This fall, Rob Zombie and Marilyn Manson will co-headline the "Twins of Evil Tour," a 28-date U.S. trek that includes a number of major festivals that the two will also co-headline. The tour starts Sept. 28 at the Desert Uprising Festival in Phoenix, and closes out in Dallas on Oct. 31, Halloween.

Zombie will be out in support of Mondo Sex Head, his new album featuring new and unique remixes of his solo work by some of today's top DJs, including Korn's Jonathan "JDevil" Davis, Photek, the Bloody Beetroots.

Earlier this week, Noisecreep caught up with Mr. Zombie to talk abut the tour, the new album and his love for hockey.

Rob, how do you feel about the remixes on the new album? It has to be interesting to hear these artists reinterpreting your work like that. You must be excited.

I really am. I wasn't sure if it was time for another record like this but there's been a resurgence in this kind of music so the timing seemed pretty good to do another one. I think my music translates well into remixes like this because of the groove. My music over the years, regardless of guitars or what vocals were laid on top, the underlying groove was always pretty heavy. So no matter what gets put over it, the groove remains pretty true to what it was so I think that's why it works.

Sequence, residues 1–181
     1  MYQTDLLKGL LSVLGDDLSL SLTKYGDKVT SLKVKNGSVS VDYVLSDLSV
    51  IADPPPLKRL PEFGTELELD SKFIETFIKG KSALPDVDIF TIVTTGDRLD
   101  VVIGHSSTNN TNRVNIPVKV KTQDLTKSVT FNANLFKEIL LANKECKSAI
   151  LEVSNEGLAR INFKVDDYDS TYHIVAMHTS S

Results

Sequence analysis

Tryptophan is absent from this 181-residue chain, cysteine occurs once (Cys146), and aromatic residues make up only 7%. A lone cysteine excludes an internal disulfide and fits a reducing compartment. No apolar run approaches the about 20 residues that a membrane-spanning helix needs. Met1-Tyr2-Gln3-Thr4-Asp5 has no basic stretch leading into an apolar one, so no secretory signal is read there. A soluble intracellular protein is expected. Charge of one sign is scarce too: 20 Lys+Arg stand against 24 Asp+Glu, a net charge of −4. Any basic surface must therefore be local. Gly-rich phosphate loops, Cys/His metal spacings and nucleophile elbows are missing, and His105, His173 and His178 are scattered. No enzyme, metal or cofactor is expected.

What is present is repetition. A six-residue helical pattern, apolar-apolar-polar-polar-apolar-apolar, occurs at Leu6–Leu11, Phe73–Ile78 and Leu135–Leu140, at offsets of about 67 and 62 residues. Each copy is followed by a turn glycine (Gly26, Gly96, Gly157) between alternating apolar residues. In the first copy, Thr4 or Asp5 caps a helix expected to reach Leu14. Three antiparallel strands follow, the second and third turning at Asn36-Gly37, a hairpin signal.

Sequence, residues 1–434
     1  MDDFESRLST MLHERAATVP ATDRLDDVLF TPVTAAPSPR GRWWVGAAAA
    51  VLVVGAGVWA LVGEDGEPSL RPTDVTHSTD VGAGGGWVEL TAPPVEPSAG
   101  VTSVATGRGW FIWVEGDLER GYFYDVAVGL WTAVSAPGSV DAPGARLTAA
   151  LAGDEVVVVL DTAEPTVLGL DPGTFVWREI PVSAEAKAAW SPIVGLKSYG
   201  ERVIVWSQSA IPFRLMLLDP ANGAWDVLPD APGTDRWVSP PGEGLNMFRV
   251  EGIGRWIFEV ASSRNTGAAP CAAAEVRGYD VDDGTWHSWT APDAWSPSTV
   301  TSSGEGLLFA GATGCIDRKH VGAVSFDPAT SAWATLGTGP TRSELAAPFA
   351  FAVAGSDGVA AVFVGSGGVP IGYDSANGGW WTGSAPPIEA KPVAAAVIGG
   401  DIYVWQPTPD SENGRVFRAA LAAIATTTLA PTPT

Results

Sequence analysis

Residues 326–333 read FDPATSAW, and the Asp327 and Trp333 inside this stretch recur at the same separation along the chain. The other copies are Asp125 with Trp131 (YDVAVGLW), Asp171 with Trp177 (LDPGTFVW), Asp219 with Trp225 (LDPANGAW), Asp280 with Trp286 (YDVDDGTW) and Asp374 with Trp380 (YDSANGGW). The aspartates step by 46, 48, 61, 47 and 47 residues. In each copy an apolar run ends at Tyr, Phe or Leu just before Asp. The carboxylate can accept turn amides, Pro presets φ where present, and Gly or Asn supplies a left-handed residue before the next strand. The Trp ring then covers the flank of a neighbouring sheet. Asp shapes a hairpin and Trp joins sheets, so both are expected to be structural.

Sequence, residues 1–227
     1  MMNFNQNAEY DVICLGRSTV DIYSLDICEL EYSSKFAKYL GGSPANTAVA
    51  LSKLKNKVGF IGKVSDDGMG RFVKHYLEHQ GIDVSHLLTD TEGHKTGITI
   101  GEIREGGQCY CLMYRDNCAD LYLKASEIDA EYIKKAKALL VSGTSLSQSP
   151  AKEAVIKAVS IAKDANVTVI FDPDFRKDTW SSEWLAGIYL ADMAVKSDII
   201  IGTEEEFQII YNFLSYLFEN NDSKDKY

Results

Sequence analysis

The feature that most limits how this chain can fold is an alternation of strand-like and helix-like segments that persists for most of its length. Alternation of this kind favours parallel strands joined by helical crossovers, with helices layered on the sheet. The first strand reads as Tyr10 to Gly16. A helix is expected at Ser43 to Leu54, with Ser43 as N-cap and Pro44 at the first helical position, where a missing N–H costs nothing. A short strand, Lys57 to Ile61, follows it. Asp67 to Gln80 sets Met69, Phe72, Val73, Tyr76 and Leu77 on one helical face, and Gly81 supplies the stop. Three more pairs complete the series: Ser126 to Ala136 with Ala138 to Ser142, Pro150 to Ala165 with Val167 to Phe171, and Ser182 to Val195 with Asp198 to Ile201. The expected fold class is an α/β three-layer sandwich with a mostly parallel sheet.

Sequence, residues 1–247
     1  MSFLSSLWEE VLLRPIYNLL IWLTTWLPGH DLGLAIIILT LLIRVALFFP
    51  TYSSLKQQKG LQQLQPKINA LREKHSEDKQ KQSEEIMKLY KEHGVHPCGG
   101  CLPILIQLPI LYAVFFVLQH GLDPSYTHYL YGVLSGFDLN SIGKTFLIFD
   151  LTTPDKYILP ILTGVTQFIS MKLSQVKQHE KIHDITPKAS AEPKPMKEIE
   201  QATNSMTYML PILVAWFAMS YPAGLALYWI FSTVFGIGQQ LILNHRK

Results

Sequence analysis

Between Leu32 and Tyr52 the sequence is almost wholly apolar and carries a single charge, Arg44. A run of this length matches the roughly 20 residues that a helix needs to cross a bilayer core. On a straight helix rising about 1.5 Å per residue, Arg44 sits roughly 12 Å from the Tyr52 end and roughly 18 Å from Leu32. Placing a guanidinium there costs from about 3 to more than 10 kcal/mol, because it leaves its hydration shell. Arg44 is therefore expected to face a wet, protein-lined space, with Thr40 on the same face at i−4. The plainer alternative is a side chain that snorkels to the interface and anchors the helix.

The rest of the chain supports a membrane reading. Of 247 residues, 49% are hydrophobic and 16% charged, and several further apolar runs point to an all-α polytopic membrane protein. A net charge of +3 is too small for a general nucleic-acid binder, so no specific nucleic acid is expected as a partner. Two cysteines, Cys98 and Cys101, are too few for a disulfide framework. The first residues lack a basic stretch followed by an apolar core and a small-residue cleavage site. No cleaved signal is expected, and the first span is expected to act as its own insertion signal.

You recently purchased the theatrical rights to the story of the Broad Street Bullies, the legendary mid-'70s version of the Philadelphia Flyers hockey team. There was also a great documentary made about that team. What kind of hockey fan are you?

I grew up on the East Coast. As a kid I was a huge hockey fan. I mean, I'm wearing a Boston Bruins jersey in my kindergarten class photo, so I was into hockey at a really young age. It's kind of an east coast thing, if you grew up around Boston or New York or Philly it was like growing up in Canada when it came to hockey. It's a great story. I've been researching it like crazy – I'll be the ultimate Philadelphia Flyers expert by the time I'm done. The story is crazy – it reads like fiction – I just love it.